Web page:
Amicus is a small charity that helps provide representation for those facing the death penalty in the United States.
We believe the death penalty is disproportionately imposed on the most vulnerable in society, violating their right to due process and equal justice before the law. Our aims are to provide better access to justice and to raise awareness of potential abuses of defendants' rights.
We are not a campaigning organisation. We believe we can make the greatest difference through frontline work.

The death penalty is legal in 31 states, and in military and federal courts. Learn more about the history here.


Since 1973, more than 150 people have been released from death row with evidence of their innocence.


As judges and prosecutors in the US are often elected, politics and popular opinion are ever-present in the courtroom.


"Many Americans have begun to worry that the death penalty in this country is not reserved for the 'worst of the worst,' but for the poorest of the poor."


Between 1976 and 2002, 44 people with intellectual disability were executed.


Execution drug shortages are changing the landscape of capital punishment.


“Over 75% of murder victims in cases resulting in an execution were white, even though nationally only 50% of murder victims are white.”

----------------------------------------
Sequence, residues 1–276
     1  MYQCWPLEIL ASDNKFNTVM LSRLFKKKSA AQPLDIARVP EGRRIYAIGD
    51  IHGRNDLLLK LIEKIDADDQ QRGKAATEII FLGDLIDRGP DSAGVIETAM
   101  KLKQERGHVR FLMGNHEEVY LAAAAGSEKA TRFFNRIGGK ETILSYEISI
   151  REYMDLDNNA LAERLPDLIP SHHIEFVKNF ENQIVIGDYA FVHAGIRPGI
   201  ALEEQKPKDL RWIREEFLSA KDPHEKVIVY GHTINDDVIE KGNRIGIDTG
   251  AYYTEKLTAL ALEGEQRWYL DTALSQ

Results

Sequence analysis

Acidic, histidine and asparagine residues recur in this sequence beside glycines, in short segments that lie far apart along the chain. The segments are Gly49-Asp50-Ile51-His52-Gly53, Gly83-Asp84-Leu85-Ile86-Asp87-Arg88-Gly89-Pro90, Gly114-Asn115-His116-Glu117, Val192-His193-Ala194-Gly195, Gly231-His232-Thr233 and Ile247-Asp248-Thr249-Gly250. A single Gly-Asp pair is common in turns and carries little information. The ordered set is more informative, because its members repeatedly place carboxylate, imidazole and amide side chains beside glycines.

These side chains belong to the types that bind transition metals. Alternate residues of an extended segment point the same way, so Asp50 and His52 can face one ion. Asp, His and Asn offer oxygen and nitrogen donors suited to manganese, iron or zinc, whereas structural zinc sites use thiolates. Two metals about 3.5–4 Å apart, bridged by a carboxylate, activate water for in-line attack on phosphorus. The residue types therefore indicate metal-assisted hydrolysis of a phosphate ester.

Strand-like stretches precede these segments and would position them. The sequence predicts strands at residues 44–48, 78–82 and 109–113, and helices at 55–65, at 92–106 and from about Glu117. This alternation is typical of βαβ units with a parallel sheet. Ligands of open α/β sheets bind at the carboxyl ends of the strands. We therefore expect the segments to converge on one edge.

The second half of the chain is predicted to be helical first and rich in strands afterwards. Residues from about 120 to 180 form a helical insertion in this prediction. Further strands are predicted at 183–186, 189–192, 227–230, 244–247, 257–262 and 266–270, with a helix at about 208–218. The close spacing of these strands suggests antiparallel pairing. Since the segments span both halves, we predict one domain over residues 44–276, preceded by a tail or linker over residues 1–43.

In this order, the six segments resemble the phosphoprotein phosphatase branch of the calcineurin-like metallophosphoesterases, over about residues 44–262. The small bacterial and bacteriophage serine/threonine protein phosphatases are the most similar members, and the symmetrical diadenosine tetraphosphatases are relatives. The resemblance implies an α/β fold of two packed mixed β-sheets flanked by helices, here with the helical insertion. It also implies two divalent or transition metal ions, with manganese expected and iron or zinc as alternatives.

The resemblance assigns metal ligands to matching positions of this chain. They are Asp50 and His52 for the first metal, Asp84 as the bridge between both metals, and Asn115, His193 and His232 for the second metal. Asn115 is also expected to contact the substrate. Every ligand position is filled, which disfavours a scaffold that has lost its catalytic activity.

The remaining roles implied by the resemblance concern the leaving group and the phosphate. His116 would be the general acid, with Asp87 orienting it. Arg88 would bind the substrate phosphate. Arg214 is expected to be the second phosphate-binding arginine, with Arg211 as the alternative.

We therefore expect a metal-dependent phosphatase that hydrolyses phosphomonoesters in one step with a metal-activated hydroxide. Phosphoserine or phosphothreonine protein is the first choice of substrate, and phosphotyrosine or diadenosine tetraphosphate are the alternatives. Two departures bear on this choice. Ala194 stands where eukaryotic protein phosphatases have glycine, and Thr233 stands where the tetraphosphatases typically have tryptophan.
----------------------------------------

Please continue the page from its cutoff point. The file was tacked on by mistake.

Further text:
Wednesday, July 27, 2016

On the anniversary of Andrew Lee Jones's execution

A message to all Amicus supporters from our founder, Jane Officer, in memory of her friend Andrew Lee Jones.

"[T]here was an outing for free ice-cream from Ben & Jerry’s, after which for some reason I was stuck with a smug smile!"


Friday, July 15, 2016

Sooyun, UK

Sooyun describes his three-month internship in the Amicus office, with notable reference to cake.


Tuesday, July 5, 2016

Alice, UK

As the best Amicus student rep 2015-16, Alice was offered the opportunity to come into the London office to meet the team - and whilst she was here, we roped her into helping us out! Here she summarises her time working with Amicus over the last year.


Thursday, June 30, 2016

Merel, LA

"In the Texas Prison Museum they have a prison cell. You can go to the front desk to get a striped jumpsuit and take pictures in this prison cell while you wear the jumpsuit. Next to this prison cell is the electric chair that was used for decades to execute people. I was shocked by the juxtaposition - this prison cell effectively making fun of prisoners and just a couple meters away a tool used to horrifically execute people."


Wednesday, June 22, 2016

Catherine, FL

Check out Catherine's first blog post below and hear her talk about her experience so far in an interview with BBC Radio Wiltshire (02:07:10 - 02:14:50).